Learning to love the “new” Princeton Tigers

I didn’t like this Princeton basketball team at first. In fact, I found it infuriating. At the start of the season, these Tigers seemed to affirm my fears that the classic “Princeton System” was dead at Old Nassau.

Growing up less than two miles from Jadwin Gym, I was raised on the pure form of Princeton Basketball. My parents took me to see the Tigers win the NIT at the Garden when I was 10 and I was hooked for life. My Dad taught me to watch the players without the ball and to observe the players’ feet, not their hands. A good pass is not just one that reaches the open man, because the player needs to land the ball in a teammate’s hands in perfect position to shoot.

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Princeton all-time moment No. 1: Carril goes out a hero

We’re counting down the top 10 moments in each Ivy school’s history as part of our Ivy League at 60 retrospective. We started with Princeton because, hey, it”s Princeton.

The 1995-96 season was Pete Carril’s 29th at the helm of the Tigers. At 65 years of age, he was slowing down, inevitably, and he knew it. His last great run had ended in 1992 with a fourth straight Ivy title, the only time one class achieved such a streak. Since then his teams were Ivy also-rans, failing to defeat archrival Penn even once in the last three years. His top assistant, Bill Carmody, was entering his 14th year on the bench. Carmody clearly aspired to run his own show. Retirement rumors would swirl around Carril all season.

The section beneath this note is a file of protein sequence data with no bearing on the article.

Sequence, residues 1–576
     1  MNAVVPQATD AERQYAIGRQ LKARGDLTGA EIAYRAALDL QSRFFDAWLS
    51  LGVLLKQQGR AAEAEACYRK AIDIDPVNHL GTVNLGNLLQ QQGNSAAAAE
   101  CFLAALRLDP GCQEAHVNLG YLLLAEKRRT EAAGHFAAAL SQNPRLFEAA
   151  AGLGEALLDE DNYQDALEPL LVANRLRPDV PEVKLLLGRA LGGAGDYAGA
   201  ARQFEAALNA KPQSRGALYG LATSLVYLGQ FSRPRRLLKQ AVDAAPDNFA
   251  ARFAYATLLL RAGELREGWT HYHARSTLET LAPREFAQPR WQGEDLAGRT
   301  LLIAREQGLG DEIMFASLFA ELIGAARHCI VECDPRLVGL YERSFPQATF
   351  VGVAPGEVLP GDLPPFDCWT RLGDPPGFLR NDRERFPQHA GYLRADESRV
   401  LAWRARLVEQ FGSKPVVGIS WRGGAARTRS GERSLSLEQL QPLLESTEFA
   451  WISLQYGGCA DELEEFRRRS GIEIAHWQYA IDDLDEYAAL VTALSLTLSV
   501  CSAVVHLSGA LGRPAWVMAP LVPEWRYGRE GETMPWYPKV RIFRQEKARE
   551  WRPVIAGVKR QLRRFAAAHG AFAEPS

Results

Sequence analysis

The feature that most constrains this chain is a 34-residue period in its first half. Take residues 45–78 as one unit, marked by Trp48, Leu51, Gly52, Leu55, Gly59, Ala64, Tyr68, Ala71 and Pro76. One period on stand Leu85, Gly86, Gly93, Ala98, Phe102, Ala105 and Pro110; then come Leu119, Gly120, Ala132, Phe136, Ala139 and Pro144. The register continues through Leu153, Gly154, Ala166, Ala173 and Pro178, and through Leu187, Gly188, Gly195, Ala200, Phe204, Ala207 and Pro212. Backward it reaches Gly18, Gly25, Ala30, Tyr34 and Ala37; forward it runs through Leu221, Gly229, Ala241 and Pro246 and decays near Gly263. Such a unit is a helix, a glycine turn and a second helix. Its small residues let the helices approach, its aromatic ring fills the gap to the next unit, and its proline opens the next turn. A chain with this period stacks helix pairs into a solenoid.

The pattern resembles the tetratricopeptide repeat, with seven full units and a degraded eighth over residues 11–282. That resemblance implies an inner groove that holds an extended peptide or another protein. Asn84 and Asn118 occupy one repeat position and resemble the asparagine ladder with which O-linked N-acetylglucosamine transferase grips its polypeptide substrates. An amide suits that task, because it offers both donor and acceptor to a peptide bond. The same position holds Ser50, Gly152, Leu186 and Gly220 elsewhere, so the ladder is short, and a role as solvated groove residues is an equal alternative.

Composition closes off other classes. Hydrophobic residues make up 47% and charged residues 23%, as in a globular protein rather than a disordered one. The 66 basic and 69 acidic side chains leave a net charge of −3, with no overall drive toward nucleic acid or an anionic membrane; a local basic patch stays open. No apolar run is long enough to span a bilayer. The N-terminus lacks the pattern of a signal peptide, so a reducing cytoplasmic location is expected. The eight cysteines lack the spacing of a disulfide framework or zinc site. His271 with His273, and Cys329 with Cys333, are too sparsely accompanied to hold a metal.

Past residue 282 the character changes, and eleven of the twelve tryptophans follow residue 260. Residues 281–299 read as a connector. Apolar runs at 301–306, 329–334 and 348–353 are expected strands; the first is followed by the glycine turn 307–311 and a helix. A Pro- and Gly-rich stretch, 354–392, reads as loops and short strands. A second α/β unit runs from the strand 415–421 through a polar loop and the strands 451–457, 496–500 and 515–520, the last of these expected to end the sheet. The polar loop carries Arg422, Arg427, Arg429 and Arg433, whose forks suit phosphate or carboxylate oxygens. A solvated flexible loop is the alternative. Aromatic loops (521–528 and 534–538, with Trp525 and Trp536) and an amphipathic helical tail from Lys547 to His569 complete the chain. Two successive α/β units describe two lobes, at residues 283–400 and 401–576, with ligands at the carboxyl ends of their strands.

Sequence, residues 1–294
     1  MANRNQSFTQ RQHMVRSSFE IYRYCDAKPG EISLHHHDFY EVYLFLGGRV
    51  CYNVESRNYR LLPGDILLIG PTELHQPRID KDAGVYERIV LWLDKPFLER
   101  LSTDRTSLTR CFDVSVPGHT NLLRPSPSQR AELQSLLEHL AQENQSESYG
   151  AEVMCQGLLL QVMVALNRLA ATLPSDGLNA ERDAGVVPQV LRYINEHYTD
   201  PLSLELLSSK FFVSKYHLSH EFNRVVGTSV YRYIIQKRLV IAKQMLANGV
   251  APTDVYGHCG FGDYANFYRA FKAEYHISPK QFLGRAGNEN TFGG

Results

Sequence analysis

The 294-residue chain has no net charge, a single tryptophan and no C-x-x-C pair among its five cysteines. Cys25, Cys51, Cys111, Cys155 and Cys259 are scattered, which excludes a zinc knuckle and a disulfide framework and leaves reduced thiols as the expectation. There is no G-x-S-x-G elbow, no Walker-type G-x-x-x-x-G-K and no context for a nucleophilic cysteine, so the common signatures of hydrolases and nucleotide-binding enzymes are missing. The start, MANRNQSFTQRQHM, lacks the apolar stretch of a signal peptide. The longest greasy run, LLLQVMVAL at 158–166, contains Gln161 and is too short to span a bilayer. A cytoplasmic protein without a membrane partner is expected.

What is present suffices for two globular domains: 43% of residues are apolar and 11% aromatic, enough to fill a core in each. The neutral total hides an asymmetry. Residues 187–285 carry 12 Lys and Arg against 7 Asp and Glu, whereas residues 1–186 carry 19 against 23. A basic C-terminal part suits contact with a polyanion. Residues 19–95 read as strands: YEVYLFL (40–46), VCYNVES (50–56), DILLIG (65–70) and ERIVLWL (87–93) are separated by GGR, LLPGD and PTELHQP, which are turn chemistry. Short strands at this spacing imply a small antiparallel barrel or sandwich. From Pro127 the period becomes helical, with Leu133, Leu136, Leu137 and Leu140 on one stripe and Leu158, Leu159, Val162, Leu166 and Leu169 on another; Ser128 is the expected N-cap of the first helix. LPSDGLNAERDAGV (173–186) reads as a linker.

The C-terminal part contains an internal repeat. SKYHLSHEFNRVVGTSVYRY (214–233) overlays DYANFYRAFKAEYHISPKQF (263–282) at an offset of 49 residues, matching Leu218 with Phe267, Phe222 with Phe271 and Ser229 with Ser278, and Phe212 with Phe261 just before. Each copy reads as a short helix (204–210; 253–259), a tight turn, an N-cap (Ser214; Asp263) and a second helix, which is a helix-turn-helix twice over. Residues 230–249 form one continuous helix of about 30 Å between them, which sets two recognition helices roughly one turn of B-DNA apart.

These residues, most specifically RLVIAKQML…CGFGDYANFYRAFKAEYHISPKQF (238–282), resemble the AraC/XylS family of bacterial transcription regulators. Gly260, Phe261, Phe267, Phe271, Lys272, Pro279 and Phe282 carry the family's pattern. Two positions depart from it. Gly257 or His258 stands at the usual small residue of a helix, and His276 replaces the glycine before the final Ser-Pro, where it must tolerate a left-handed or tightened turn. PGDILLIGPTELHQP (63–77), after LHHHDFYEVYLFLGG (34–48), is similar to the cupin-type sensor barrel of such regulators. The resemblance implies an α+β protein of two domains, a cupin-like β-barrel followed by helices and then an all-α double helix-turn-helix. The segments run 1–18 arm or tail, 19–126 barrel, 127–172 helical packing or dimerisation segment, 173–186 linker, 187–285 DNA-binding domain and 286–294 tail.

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Princeton all-time moment No. 4: 1997-98 Ivy champions

We’re counting down the top 10 moments in each Ivy school’s history as part of our Ivy League at 60 retrospective. We’re starting with Princeton because that’s where Joseph Stalin’s daughter defected to. In Soviet Russia as in the United States, Princeton offense runs you!

Bill Carmody, an honorary member of the Class of 1975, joined Pete Carril’s staff in 1982. He spent the next 14 productive and mostly glorious seasons watching and learning. When Carril decided to retire after winning his final Ivy title on a heart-stopping three pointer by Sydney Johnson in a playoff against Penn (who else?), he made it known that no one was better qualified to succeed him than Bill Carmody.

Bill’s all too-brief four year tenure as head coach was among the most dominant periods ever in the long history of Tiger hoops. His overall record was 92-25. In the Ivy League he was 50-6, including a remarkable 28-0 in 1996-97 and 1997-98.

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